Present DayYesterday is history. Tomorrow is a mystery. Today is a gift. That is why it’s called the present. (Alice Morse Earler, 1902)

When we spend time living in the past, life in the moment is likely to have less meaning and joy. The same is true for partners in a romantic relationship. Living in the past will greatly diminish our romantic opportunities for meaning and joy in the present moment. This seems to be true for better and for worse – it does not matter whether we are dwelling on past pain or past joy!

Oh yes, the joys or sorrows of the past can provide us with great lessons if we are willing to learn from them. However, those memories can become sticky, even adhesive; it is very easy to get stuck in either euphoric recall or in painful memories. When that happens, past hurts or successes can begin to color the way that we see and experience today.

When we get stuck in the pain of the past, today’s opportunities seem out of reach. Fulfillment becomes quite elusive. Preoccupation with past hurts and failures can leave us expecting less of ourselves today, or, imagining that there is little hope for improvement or real happiness.

Likewise, if we spend too much time basking in the warmth of past accomplishments and previous successes it is easy to end up seeing our present selves as failing to live up to our past precedent. We may begin to feel “less than” or that we somehow have become incapable of handling our current challenges of daily living. Some people say they feel depressed because they are now under-producing. It is easy to compare our present challenges to our nostalgic memories of the way we remember it used to be.

This is especially true in relationships. We are asking for trouble if we are comparing our current partner with the way that we remember this or other romantic partners in the past.

The key phrase here is “the way that we remember” the past. The way that we remember the past might not actually be the way that it really was. That is how the term euphoric recall got its definition. It refers to the tendency of people to remember past experiences in a positive light, while overlooking negative experiences associated with that event.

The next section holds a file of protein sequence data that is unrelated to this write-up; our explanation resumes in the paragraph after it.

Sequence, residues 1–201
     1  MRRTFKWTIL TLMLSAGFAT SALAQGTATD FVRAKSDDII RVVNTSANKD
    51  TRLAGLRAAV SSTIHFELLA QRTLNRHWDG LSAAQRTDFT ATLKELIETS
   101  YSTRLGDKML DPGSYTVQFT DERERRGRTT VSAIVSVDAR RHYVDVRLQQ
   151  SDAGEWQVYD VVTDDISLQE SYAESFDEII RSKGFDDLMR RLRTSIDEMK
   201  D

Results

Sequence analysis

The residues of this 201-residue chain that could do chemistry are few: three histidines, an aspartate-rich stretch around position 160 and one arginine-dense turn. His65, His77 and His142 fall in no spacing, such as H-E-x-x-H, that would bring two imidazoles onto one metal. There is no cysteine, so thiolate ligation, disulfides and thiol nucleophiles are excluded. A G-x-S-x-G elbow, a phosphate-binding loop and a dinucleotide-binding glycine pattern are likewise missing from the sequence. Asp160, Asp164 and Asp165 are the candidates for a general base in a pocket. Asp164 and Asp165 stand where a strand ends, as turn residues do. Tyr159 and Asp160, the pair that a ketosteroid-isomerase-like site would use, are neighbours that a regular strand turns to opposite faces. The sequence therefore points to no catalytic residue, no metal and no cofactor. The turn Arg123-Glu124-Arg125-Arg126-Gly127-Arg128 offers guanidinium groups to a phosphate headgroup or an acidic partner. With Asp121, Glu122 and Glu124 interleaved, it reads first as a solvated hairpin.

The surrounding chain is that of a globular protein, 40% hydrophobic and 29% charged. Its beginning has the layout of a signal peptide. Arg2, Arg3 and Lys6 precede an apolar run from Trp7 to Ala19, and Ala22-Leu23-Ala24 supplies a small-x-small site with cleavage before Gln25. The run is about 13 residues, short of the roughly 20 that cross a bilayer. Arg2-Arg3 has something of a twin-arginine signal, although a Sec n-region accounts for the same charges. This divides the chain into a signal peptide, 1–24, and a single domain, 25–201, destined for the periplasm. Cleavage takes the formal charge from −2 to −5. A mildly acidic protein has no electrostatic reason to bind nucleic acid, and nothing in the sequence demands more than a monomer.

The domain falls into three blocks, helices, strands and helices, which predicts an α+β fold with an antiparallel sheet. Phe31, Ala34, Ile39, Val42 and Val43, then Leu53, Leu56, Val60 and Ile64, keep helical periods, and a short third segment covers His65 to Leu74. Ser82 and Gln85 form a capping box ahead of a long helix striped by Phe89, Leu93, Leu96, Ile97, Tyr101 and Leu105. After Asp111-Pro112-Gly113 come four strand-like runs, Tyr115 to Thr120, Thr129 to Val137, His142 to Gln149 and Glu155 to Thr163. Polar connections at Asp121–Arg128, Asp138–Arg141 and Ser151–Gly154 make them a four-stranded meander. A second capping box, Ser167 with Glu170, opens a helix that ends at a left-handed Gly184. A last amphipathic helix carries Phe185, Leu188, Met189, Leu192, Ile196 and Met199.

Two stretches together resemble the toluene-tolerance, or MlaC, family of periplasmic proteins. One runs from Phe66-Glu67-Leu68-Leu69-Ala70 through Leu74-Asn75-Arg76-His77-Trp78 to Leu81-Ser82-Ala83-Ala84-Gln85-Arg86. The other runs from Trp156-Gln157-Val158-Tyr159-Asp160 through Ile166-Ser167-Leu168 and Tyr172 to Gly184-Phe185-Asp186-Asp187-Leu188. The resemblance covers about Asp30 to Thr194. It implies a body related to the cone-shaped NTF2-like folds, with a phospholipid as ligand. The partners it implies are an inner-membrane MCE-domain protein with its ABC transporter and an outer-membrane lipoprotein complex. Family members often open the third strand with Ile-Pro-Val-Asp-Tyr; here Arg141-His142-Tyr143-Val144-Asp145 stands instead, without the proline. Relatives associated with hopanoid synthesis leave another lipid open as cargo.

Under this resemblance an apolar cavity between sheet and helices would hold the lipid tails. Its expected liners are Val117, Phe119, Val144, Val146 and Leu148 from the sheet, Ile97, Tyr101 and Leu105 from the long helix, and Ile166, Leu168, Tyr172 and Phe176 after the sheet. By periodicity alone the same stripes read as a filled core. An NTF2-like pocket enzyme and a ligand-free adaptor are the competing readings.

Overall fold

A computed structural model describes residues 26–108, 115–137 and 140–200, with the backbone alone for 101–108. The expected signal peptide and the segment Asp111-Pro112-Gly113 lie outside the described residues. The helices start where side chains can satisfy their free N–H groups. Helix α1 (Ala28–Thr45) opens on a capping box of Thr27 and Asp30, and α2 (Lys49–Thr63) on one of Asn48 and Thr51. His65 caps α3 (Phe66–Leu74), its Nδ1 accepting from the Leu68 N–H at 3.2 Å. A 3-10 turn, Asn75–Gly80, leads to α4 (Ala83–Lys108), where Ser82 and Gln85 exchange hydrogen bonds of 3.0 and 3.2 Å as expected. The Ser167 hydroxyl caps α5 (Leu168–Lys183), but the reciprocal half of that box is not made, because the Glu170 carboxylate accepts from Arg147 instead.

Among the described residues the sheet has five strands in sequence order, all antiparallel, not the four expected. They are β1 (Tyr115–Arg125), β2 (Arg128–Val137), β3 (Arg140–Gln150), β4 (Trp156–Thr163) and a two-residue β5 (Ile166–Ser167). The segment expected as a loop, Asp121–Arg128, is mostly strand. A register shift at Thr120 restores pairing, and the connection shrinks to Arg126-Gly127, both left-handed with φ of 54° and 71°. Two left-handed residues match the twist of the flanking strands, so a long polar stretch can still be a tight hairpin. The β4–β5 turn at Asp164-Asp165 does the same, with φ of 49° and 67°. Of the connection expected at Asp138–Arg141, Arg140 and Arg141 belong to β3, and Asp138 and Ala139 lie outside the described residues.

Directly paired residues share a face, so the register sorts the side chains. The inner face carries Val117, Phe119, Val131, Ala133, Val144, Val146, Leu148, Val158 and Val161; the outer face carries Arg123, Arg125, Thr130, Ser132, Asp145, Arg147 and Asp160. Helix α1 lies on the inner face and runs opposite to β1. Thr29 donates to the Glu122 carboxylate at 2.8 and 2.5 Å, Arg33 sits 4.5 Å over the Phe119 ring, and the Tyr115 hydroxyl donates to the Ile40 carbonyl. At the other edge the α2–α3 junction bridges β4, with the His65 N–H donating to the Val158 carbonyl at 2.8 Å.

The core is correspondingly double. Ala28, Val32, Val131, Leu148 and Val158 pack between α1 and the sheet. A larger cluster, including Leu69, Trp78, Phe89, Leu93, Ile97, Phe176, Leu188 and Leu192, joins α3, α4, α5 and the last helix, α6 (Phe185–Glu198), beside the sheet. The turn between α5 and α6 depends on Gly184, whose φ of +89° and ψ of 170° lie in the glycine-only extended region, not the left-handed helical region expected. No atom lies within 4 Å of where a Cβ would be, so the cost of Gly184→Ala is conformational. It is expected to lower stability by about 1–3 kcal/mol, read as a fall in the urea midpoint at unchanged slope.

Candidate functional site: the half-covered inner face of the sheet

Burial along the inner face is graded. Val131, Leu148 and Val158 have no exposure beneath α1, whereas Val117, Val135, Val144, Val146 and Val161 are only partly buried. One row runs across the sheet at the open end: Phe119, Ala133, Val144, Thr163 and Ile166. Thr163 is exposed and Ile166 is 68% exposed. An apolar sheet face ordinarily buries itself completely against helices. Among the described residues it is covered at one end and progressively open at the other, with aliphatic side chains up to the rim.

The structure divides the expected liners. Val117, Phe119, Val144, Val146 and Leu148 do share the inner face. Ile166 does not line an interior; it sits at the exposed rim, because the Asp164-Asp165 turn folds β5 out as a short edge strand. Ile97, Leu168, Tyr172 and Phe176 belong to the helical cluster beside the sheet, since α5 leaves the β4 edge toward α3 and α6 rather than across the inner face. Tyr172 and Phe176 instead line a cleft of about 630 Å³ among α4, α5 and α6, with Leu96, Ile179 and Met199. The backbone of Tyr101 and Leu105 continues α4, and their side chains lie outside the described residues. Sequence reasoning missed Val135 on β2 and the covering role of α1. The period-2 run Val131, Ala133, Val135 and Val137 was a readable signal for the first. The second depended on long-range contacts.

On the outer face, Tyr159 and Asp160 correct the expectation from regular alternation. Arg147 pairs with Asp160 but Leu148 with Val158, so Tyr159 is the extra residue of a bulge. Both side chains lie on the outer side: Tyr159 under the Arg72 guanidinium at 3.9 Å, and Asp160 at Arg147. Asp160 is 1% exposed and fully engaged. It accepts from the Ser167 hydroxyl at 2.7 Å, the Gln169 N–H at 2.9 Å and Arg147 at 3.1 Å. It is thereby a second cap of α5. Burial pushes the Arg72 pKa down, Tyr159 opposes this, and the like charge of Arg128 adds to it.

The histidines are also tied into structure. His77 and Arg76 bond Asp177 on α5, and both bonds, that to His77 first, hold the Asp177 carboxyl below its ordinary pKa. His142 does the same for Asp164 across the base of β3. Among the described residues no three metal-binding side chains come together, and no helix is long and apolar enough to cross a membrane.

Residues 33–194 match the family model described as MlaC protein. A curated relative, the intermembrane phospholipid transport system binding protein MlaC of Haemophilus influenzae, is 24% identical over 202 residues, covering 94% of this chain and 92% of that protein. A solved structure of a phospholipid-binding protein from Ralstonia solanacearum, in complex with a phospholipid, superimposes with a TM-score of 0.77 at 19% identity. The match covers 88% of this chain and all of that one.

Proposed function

In closing, it is important to know that in spite of all our dire warnings, still there is a gold mine of positive lessons for us to learn if we are willing to review our past. The only condition is that we don’t park ourselves in the past and decide to live there. In relationships, positive and meaningful exploration of our past in a measured way can provide us with important insights into the reasons we slip into conflict with our romantic partners. There is always a back story to why couples fight.

If we are wiling to examine the parts of our past that have shaped our personalities, we can develop important insights that can help us make meaningful changes in the ways we deal with our present challenges. This is true especially if we are wiling to share our discoveries about ourselves with our current partner and elicit his or her help in working toward making the changes that will turn today into a “present”.